Much has been written about the promise of Service Oriented Architecture (SOA) for unleashing business potential by simplifying systems and achieving competitive differentiation, writes Mike Rogers, senior manager: technology & delivery at Accenture South Africa.

Yet the ability for an enterprise to realise high performance with service-oriented architecture lies largely with its CIO’s ability to address a number of key IT challenges.
As a result of SOA, businesses can achieve better alignment through process optimisation and differentiated capability. Yet, in order to realise this compelling new promise of high performance, organisations will need to examine their current IT strategy with a perspective that reflects the new realities of SOA.
To create an IT environment that maximises the benefits of an SOA approach, Rogers cites the following challenges for CIOs:
* Platform competency.  While SOA technology is platform independent, the question becomes one of how SOA changes or augments the organisation’s existing major technology platform and its past investments.
* Application portfolio rationalisation.  This involves extending the life of legacy applications and determining how SOA will change the existing platform.
* Architectural standards and interoperability.  This boils down to the evolution of standards – determining which standards should be maintained and to what extent those standards should be deployed.
* Data architecture.  With a process that spans across multiple applications, the critical question becomes a simple one:  Who owns the data? The ability to model business processes and services and create definitions for data across the organisation also becomes critical.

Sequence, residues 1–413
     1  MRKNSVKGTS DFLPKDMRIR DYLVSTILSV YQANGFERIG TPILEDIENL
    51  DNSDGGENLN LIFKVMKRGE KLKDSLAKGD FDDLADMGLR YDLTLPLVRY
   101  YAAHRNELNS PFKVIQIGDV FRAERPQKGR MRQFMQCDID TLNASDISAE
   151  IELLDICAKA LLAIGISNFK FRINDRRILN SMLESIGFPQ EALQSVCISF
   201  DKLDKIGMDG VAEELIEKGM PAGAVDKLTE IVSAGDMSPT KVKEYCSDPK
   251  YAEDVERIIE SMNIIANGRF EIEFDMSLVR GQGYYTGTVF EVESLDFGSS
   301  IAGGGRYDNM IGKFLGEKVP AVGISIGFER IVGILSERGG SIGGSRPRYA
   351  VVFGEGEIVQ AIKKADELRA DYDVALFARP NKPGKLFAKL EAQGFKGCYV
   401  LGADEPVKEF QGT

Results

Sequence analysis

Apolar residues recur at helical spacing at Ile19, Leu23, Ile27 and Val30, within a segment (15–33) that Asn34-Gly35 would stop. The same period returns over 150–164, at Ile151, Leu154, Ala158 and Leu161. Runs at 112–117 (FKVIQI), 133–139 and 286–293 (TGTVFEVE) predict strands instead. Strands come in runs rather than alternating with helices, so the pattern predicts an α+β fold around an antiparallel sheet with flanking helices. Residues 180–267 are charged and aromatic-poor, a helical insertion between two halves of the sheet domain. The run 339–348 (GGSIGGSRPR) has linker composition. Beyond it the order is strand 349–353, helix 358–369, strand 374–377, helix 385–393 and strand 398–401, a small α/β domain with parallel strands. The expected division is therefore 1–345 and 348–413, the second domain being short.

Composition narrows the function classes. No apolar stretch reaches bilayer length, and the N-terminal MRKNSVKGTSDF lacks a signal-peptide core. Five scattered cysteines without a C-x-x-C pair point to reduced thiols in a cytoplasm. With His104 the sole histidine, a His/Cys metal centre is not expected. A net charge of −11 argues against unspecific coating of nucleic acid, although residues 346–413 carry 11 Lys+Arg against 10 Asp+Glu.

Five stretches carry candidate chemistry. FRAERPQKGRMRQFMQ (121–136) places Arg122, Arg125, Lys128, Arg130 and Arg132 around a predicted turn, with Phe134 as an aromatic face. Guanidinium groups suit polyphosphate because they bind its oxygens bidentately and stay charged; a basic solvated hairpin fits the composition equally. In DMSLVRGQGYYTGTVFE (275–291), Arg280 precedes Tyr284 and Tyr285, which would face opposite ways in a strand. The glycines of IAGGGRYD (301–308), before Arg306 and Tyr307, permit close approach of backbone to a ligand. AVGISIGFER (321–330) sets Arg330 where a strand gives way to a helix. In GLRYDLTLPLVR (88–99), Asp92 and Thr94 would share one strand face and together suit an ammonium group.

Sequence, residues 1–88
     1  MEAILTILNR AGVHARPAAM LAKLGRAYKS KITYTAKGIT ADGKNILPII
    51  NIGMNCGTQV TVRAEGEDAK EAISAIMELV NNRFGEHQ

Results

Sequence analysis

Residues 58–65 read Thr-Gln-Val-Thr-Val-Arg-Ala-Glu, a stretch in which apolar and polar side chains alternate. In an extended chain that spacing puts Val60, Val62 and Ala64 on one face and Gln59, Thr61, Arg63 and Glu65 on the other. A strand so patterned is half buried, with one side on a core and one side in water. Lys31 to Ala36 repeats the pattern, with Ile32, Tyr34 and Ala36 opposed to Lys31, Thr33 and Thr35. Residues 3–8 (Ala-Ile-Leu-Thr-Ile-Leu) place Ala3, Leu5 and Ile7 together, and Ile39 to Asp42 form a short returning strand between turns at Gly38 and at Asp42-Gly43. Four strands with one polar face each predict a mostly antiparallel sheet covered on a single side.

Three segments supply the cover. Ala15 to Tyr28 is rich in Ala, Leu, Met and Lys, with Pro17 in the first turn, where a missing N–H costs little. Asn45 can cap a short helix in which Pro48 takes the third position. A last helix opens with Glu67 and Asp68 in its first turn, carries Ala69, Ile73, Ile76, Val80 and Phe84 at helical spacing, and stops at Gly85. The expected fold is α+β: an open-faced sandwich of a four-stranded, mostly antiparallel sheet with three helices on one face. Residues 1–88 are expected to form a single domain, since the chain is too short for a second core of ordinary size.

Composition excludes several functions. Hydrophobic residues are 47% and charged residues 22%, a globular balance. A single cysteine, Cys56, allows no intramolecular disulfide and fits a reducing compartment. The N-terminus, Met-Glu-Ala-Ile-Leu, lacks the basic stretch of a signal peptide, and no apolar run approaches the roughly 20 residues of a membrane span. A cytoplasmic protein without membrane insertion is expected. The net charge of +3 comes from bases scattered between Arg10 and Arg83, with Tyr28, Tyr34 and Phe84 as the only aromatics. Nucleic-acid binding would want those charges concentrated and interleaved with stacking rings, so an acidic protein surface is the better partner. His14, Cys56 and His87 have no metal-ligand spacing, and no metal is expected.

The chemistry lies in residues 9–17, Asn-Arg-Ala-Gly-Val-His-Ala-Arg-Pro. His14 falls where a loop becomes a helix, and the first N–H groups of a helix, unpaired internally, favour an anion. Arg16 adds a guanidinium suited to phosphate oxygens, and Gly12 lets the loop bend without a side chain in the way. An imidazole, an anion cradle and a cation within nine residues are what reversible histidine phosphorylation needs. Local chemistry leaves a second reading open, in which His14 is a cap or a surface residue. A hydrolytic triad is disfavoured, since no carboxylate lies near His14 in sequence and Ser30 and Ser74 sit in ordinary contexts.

* Infrastructure and operations.  The introduction of an SOA environment raises questions with regard to changes in network and hardware requirements as well as adequate storage.
* IT organisation and governance of enterprise architecture.  Decisions will need to be made around ownership of the business process and, as a result, determining who has the influence to make the necessary changes to the underlying applications to support that process.
* Methods and tools.  CIOs must consider how SOA affects the current methodology used to modify, build and integrate systems.  Most organisations probably don’t have a methodology for service orchestration, so it will probably have to be added.
* Testing and quality assurance.   To ensure service availability, CIOs must develop service level agreements and enforce policy.  The organisation must consider the methodologies required, the necessary testing regimes and the appropriate improvements to techniques, tools and planning.
* Security. The issue for a process that spans across multiple applications is whether new security holes have been introduced into the environment and, with a service that extends beyond or outside of the company, whether new security concerns have been introduced.
* Training.  There are certain skill sets currently housed within an organisation and so with the introduction of SOA the CIO must examine its impact on the need for additional training.